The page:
I firmly believe that gay marriage should not be legalized. This is in no way to be intended as or to be taken as gay-bashing. By now, I’m sure you can guess which stance I’m going to be taking in regards to gay marriage. Marriage is intended to be between a man and woman. This is how it has been since the beginning of time, and that is my firm belief on the topic. Hypothetical situation: gay marriage becomes legal throughout America. Then what? Legalized polygamy? Once one door is opened, it can lead to many others opening as well. No pun intended.
Because of my religious faith, I believe that it is unreasonable to grant gay marriage to those who wish for it. Marriage is a sacred sacrament, intended to grant a union between one man and one woman. Why should this be changed? This is how life is created! The Michigan Catholic Conference states: “Marriage between a man and a woman serves a unique place in society by allowing for the creating and education of children within the context of a family. Marriage is for the benefit of children- who are best served when raised by a father and a mother in a committed relationship.”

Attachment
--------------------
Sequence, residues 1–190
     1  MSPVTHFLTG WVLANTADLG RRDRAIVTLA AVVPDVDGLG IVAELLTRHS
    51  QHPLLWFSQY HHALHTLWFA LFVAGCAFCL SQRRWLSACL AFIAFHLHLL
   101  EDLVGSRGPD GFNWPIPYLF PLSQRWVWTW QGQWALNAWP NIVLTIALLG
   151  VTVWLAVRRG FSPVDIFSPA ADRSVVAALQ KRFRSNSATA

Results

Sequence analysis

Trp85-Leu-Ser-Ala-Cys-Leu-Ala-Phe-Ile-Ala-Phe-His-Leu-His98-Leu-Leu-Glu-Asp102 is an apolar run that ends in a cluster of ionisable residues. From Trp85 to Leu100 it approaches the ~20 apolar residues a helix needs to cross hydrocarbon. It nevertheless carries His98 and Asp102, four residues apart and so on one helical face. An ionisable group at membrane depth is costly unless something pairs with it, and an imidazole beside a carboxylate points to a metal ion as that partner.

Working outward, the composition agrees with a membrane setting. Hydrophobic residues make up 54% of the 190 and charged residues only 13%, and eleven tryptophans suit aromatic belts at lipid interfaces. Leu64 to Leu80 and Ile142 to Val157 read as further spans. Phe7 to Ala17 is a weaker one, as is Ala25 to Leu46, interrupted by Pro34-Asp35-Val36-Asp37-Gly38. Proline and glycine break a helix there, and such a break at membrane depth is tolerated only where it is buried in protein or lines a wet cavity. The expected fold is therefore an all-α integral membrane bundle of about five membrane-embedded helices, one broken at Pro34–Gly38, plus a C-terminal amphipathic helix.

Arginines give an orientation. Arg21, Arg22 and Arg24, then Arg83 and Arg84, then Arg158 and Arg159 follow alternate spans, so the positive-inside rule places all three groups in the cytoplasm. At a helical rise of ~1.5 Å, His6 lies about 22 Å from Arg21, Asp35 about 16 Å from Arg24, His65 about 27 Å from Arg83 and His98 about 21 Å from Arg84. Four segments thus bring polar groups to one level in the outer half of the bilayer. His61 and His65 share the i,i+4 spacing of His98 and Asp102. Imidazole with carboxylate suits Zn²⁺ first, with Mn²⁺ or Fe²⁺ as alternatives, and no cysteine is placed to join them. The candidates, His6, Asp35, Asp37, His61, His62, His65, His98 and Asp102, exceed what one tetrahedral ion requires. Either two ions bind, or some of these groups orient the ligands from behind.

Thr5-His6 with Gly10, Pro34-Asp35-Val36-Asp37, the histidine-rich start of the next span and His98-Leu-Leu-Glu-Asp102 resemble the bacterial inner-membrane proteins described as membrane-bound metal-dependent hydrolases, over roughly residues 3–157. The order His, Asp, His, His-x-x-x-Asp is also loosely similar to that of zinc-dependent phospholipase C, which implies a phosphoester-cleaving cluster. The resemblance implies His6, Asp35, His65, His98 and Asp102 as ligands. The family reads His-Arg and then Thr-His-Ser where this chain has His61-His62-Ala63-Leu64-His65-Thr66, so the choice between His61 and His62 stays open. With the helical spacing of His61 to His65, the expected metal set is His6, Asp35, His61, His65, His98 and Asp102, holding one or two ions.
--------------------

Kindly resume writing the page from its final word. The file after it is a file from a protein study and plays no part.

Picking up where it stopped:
People living in this situation who have their own or decide to adopt children, will further lead their families into a more awkward living situation than other families. Living with two mothers or two fathers has the ability to be devastating to a child as well as the family.